1. Hello guest! Are you an Apistogramma enthusiast? If so we invite you to join our community and see what it has to offer. Our site is specifically designed for you and it's a great place for Apisto enthusiasts to meet online. Once you join you'll be able to post messages, upload pictures of your fish and tanks and have a great time with other Apisto enthusiasts. Sign up today!

Pulling Apisto Fry

Discussion in 'Husbandry / Breeding' started by central tanks, Jun 27, 2017.

  1. central tanks

    central tanks Active Member

    Joined:
    Mar 1, 2014
    Messages:
    109
    Likes Received:
    34
    Trophy Points:
    28
    My female has 6-9 free swimmers (counted 9 yesterday morning and 6 yesterday night, there hard to see).

    Can I pull the fry and put them in a breeder box on the side of the tank?
    How long should I wait to pull them?

    They are eating BBS, one iv noticed does not each much, its belly is never full like the others. There is not predatory fish in the tank. There is 6 pencil fish that the mom does a good job of chasing them off if they venture to close. My female is doing a good job (first free swimming fry iv ever had) but she is moving them around and protecting them.

    Should I leave them in main tank or pull them to a breeder box, maybe just pull a few of them? What do you guys think?

    In case your wondering they are apistogramma agassizii double reds.
  2. Mike Wise

    Mike Wise Moderator Staff Member 5 Year Member

    Joined:
    Mar 16, 2004
    Messages:
    9,814
    Likes Received:
    1,328
    Trophy Points:
    113
    I don't pull fry until they are at least 6 weeks old, especially those of common species. It's your choice, but don't be surprised if you loose a lot of them. Mom does a better job than I do when brooding fry.
    KJdts, ButtNekkid and dw1305 like this.
  3. central tanks

    central tanks Active Member

    Joined:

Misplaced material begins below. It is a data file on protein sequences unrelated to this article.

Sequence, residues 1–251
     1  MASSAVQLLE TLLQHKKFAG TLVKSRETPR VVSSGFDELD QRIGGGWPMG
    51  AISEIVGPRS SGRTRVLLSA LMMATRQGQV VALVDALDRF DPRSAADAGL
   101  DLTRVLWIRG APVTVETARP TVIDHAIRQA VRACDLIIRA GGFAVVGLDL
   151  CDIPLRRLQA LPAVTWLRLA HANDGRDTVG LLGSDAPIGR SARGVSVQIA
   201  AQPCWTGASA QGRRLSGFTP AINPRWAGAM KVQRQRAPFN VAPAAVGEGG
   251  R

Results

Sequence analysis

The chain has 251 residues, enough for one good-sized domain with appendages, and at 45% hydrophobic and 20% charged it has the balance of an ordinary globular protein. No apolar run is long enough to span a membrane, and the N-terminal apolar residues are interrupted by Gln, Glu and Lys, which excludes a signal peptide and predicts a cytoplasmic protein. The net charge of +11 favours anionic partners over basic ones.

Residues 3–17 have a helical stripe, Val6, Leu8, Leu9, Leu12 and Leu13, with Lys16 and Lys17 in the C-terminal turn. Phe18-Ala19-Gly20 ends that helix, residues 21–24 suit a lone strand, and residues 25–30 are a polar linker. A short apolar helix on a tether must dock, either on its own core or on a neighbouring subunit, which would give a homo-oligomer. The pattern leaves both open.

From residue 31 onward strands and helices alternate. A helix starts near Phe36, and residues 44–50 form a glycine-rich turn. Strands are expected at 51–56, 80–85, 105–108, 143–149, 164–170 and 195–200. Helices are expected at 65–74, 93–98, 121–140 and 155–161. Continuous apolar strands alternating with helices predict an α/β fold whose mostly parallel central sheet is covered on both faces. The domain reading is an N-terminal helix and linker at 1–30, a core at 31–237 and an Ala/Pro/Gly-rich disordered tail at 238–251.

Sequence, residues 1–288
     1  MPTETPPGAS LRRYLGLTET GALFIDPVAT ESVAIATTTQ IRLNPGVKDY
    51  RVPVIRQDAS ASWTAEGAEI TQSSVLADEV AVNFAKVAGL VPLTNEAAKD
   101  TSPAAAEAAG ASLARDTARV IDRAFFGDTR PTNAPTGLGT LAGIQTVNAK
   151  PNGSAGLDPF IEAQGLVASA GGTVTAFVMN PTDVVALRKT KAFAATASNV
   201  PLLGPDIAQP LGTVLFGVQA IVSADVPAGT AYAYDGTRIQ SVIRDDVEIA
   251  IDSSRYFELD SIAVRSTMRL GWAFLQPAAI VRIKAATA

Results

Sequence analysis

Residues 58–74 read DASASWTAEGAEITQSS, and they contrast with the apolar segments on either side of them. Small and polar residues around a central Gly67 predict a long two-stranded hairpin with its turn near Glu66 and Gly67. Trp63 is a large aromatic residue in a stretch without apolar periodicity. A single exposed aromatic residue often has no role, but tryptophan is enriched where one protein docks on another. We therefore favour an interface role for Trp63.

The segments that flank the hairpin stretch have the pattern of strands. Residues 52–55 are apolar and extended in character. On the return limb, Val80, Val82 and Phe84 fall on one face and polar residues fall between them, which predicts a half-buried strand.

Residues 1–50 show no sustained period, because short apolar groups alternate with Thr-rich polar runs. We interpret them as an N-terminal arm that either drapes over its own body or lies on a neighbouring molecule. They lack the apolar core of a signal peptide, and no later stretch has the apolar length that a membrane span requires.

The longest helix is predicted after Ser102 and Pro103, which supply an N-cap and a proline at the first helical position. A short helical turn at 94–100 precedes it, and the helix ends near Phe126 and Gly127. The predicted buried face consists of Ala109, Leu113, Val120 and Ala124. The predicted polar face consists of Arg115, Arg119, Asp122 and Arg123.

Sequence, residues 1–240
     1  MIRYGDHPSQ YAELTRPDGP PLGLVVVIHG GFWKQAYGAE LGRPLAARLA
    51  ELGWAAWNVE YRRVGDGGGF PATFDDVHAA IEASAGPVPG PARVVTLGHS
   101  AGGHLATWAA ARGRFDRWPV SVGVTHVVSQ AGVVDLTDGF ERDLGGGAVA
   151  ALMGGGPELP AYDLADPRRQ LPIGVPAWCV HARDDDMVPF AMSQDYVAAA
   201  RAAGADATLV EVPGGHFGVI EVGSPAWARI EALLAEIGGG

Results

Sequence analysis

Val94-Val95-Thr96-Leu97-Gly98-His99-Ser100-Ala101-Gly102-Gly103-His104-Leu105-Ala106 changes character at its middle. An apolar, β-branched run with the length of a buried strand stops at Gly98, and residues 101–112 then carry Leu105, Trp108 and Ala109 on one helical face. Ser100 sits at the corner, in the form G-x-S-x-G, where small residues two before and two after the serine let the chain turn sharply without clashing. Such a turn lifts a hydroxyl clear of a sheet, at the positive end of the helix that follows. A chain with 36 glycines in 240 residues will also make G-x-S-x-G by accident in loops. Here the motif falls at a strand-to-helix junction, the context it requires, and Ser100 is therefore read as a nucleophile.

Mar 1, 2014
    Messages:
    109
    Likes Received:
    34
    Trophy Points:
    28
    Guess I will just keep monitoring them for a few more weeks. If I notice the fry number droping quick or mom stop caring as much ill pull them.
  4. Bart Hazes

    Bart Hazes Active Member

    Joined:
    Feb 26, 2017
    Messages:
    228
    Likes Received:
    242
    Trophy Points:
    43
    I also prefer to leave the fry with mom but many of my fish are in community tanks and sometimes predation by others is too strong, or aggressive protection of fry by the female is too strong and I move the fry to a breeding box. I had 2 dozen A. macmasteri reach adulthood in a community tank without any feeding or help from me. I pulled an A. panduro spawn in a busy community tank after about 4 weeks when only 7 fry were left. Just lst month I had two A. rubrolineata females spawn in the same tank and although aggression between the two was manageable I removed the spawn from one female and left the others with their mom. The latter have now perished but the ~25 in the breeding box are doing well so far. I had A. norberti spawn Friday last week so I expect the fry tomorrow or Monday. Both parents are very territorial so I hope those fry can be raised naturally in a tank with 14 other apistos and dithers.